Columbia International Affairs Online: Working Papers

CIAO DATE: 06/2013

A Review of Citizenship Education in Arab Nations

Muhammad Faour

May 2012

Carnegie Endowment for International Peace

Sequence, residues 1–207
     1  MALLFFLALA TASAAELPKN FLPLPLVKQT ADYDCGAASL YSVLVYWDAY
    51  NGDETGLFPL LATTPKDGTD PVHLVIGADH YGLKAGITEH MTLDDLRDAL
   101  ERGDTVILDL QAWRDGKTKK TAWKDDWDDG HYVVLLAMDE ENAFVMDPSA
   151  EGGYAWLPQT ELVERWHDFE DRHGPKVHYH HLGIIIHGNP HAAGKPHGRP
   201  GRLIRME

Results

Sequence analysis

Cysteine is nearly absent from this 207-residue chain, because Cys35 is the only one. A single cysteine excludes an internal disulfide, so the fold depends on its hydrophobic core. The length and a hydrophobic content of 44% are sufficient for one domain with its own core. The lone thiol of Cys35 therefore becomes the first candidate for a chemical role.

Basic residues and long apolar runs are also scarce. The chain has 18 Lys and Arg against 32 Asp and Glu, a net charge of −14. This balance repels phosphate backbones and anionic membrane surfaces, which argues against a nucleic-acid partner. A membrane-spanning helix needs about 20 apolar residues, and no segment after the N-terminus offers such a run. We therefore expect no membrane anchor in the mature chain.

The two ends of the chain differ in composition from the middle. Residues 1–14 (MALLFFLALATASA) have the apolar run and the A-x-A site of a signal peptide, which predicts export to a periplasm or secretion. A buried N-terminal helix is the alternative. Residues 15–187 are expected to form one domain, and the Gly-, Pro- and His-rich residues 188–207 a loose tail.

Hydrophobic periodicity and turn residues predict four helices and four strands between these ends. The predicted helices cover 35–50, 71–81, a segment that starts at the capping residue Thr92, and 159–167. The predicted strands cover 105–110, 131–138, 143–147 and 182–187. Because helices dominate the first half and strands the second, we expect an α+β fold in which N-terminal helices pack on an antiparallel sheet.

As countries in the Arab world embark on the long road toward political transition and attempt to build more open and pluralistic political systems, the need to prepare citizens to become contributors to democratic societies has become increasingly urgent. This education for citizenship has three main components: knowledge of civic concepts, systems, and processes of civic life, including education for human rights and democracy; skills of civic participation; and students’ general disposition, including a sense of belonging to the state and shared values and ethics. The knowledge, skills, and values that build and sustain a democratic society are shaped by many factors, including formal classroom instruction, extracurricular activities, and school climate. Civic education, which covers the knowledge component of education for citizenship, is common in public schools in the Arab world. Recent studies commissioned by the Carnegie Middle East Center show that whereas Arab countries have paid lip service to the goals of education reform and education for citizenship, they have taken very few steps to make these goals a reality and to prepare young people for a political and economic order that is rapidly shifting.  A review of citizenship education programs in public schools from kindergarten through twelfth grade in eleven key Arab nations reveals a wide gap between the stated goals of national education pro - grams and their implementation.